Current Account Deficit
India-'s current account deficit is expected to see a 50 per cent rise to $30 billion in 2017-18 from $20 billion in the current financial year on...
India's current account deficit is expected to see a 50 per cent rise to $30 billion in 2017-18 from $20 billion in the current financial year on higher oil and gold imports, domestic rating agency ICRA says. "ICRA expects higher oil and gold imports to enlarge India's current account deficit to $30 billion (1.2 per cent of GDP) in 2017-18 from $20 billion in 2016-17 (0.9 per cent of GDP), arresting the trend of moderation recorded for four consecutive years since 2013-14," the rating agency said in a statement here.
However, the pressure related to the financing of a larger current account deficit would abate with the resumption of non-resident Indian (NRI) deposits in 2017-18, ICRA says. A current account deficit means the value of imports of goods / services / investment incomes is greater than the value of exports. It is sometimes referred to as a trade deficit. Though a trade deficit (goods) is only part of the current account. If there is a current account deficit, it means there is a surplus on the financial / capital account.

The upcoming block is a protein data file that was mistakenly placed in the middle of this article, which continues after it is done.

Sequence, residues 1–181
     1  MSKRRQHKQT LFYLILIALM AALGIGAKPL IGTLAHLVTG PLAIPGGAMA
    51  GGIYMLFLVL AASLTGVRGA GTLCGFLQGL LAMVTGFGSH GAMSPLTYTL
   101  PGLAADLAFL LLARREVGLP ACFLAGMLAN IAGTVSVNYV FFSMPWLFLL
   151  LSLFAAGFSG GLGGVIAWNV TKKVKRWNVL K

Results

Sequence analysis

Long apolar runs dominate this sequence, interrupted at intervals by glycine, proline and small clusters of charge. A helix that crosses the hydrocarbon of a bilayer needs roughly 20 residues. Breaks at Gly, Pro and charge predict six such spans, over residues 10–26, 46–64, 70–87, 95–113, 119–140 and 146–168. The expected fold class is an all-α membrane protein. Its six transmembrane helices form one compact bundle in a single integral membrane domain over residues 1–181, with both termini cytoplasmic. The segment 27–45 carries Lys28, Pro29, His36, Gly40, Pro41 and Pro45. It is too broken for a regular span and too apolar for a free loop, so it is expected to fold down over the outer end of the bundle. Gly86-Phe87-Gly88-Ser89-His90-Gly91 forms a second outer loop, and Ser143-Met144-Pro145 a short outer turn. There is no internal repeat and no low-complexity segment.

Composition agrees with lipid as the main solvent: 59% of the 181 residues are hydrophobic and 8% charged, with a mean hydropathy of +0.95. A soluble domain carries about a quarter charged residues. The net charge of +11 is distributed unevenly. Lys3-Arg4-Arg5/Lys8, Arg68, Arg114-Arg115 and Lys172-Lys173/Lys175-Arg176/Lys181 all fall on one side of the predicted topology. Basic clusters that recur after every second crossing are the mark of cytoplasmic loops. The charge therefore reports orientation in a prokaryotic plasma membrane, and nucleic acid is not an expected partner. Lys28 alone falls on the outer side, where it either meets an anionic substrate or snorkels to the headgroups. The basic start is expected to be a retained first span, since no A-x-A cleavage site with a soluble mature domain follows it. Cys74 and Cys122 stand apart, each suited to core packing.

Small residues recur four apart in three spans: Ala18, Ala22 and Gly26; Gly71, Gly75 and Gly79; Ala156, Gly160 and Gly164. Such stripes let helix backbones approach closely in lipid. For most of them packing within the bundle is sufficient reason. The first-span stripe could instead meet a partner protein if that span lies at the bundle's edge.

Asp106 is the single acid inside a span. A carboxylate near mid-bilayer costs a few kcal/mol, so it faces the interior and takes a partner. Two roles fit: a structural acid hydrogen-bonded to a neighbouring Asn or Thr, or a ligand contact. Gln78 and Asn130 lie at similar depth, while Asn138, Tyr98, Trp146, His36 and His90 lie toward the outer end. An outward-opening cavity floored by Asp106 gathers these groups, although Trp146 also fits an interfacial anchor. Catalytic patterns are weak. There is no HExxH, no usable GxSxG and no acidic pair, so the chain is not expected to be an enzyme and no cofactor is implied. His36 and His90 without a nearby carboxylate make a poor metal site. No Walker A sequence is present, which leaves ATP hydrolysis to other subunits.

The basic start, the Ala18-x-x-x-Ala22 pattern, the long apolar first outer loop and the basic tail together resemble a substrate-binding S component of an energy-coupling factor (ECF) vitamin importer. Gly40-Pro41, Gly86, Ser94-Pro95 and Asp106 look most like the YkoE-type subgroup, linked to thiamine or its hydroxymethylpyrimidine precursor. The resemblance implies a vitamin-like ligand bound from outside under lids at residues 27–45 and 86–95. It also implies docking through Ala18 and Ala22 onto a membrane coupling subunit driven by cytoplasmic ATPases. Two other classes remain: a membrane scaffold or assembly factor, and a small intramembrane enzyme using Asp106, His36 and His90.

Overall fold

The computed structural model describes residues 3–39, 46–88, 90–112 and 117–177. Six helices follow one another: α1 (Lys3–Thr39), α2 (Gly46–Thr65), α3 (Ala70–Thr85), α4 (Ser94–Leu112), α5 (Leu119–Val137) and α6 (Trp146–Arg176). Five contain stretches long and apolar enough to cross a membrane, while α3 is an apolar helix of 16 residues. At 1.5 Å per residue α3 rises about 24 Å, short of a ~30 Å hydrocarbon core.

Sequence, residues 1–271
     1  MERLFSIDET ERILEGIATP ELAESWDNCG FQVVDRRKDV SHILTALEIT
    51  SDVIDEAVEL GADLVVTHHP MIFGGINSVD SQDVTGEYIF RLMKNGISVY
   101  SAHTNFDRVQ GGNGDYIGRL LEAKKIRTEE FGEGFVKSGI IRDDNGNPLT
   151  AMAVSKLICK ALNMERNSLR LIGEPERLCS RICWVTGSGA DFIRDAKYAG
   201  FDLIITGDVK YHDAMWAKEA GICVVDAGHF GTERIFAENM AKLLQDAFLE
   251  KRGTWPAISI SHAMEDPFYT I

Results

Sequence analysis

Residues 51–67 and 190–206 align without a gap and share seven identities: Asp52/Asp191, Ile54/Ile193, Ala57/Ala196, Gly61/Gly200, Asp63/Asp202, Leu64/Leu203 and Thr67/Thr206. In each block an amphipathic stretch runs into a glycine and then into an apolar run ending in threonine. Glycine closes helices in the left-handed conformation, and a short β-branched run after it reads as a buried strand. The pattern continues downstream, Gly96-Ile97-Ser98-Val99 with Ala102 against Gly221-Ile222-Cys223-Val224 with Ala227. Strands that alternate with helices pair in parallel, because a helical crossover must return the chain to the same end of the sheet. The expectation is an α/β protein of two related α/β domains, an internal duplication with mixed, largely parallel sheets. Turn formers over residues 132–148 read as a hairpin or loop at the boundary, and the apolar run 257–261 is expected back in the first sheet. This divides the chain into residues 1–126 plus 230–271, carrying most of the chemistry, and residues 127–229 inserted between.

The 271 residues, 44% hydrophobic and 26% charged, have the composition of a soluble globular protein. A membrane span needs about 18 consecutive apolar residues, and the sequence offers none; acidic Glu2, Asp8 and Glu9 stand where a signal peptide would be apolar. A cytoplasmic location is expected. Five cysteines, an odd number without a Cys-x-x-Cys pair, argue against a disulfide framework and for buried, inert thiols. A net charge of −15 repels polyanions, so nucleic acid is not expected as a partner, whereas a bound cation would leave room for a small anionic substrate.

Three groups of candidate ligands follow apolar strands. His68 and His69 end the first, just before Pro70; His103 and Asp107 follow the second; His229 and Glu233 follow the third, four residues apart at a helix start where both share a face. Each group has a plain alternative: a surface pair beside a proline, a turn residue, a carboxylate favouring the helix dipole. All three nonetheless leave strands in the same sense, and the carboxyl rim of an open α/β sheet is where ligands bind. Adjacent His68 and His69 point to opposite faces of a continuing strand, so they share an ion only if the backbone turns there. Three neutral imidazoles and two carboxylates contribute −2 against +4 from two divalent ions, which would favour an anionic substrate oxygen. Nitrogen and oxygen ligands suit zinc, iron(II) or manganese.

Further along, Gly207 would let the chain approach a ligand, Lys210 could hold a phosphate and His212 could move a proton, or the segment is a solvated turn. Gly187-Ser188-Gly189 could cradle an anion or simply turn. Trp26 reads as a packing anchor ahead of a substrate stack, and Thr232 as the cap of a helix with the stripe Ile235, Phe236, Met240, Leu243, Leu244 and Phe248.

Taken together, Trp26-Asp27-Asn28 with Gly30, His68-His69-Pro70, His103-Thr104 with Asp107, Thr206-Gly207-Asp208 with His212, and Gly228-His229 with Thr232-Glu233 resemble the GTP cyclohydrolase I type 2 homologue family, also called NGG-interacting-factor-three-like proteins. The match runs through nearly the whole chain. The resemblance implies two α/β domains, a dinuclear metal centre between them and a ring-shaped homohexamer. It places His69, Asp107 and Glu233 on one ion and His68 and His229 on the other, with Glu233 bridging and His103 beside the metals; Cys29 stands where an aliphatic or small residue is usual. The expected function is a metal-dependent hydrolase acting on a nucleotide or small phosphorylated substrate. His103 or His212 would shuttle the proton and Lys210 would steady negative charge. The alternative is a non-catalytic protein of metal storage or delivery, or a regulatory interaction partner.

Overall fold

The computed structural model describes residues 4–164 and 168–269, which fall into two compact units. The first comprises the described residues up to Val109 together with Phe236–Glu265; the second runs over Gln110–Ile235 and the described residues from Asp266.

If a current account deficit is financed through borrowing it is said to be more unsustainable. This is because borrowing is unsustainable in the long term and countries will be burdened with high interest payments. E.g Russia was unable to pay its foreign debt back in 1998. A factor behind the Asian crisis of 1997 was that countries had run up large current account deficits by attracting capital flows (hot money) to finance the deficit. But, when confidence fell, these hot money flows dried up, leading to a rapid devaluation and crisis of confidence, according to http://www.economicshelp.org.
There are largely three components of CAD. The largest component is the trade deficit. That's when the country imports more goods and services than it exports. The second largest component is a deficit in net income. This is when foreign investment income exceeds the savings of the country's residents. This foreign investment can help a country's economy grow.
However, if they don't get a return on their investment in a reasonable amount of time, they will withdraw their funds, causing a panic. The last component of the deficit is direct transfers, which includes government grants to foreigners. It also includes any money sent back to their home countries by foreigners, as per www.thebalance.com.